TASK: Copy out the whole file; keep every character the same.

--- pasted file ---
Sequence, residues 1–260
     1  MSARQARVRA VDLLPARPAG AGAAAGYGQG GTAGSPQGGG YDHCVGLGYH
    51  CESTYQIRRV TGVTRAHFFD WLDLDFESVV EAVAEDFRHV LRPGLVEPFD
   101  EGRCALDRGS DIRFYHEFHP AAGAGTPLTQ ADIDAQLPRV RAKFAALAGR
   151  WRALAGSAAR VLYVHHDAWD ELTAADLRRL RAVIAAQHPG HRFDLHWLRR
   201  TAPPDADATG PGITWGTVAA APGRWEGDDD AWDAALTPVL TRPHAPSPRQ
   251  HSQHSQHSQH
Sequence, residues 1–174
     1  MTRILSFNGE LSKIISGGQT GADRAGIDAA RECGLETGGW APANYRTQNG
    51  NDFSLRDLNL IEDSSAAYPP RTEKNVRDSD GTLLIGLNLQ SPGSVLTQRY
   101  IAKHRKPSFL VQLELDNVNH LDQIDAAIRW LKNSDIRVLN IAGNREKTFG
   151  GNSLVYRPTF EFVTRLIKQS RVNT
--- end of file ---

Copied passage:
Sequence, residues 1–260
     1  MSARQARVRA VDLLPARPAG AGAAAGYGQG GTAGSPQGGG YDHCVGLGYH
    51  CESTYQIRRV TGVTRAHFFD WLDLDFESVV EAVAEDFRHV LRPGLVEPFD
   101  EGRCALDRGS DIRFYHEFHP AAGAGTPLTQ ADIDAQLPRV RAKFAALAGR
   151  WRALAGSAAR VLYVHHDAWD ELTAADLRRL RAVIAAQHPG HRFDLHWLRR
   201  TAPPDADATG PGITWGTVAA APGRWEGDDD AWDAALTPVL TRPHAPSPRQ
   251  HSQHSQHSQH
Sequence, residues 1–174
     1  MTRILSFNGE LSKIISGGQT GADRAGIDAA RECGLETGGW APANYRTQNG
    51  NDFSLRDLNL IEDSSAAYPP RTEKNVRDSD GTLLIGLNLQ SPGSVLTQRY
   101  IAKHRKPSFL VQLELDNVNH LDQIDAAIRW LKNSDIRVLN IAGNREKTFG
   151  GNSLVYRPTF EFVTRLIKQS RVNT